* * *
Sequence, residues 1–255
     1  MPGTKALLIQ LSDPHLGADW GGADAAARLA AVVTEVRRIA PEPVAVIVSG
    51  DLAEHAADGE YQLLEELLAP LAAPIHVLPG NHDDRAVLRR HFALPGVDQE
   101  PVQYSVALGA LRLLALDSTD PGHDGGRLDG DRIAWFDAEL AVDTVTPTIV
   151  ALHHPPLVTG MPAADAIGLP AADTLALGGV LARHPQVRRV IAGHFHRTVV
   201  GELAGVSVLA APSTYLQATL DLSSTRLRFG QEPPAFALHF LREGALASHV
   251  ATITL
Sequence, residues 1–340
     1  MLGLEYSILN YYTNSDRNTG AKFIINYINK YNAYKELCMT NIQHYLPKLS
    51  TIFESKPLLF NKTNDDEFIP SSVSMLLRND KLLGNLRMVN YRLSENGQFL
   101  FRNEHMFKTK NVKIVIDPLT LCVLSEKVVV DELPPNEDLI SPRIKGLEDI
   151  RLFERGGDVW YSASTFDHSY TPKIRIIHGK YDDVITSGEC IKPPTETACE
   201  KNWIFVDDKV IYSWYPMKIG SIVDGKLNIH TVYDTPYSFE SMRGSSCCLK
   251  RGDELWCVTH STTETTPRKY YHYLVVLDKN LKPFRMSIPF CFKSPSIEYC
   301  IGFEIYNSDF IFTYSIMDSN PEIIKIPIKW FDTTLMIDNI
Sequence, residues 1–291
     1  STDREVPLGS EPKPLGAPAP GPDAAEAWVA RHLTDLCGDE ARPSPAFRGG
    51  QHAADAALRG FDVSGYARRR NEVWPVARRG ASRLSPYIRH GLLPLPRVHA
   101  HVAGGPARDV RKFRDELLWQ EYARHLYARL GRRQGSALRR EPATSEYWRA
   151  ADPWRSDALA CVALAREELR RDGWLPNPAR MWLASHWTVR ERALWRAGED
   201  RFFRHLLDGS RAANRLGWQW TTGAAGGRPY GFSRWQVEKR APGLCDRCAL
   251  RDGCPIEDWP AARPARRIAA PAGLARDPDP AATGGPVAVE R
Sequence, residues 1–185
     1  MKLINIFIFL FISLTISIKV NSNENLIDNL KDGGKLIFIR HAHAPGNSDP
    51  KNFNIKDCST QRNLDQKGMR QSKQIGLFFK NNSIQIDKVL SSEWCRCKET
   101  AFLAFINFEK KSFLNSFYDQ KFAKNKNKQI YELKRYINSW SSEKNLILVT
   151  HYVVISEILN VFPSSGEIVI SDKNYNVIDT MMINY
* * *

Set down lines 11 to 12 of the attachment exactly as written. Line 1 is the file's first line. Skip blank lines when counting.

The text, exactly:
   101  FRNEHMFKTK NVKIVIDPLT LCVLSEKVVV DELPPNEDLI SPRIKGLEDI
   151  RLFERGGDVW YSASTFDHSY TPKIRIIHGK YDDVITSGEC IKPPTETACE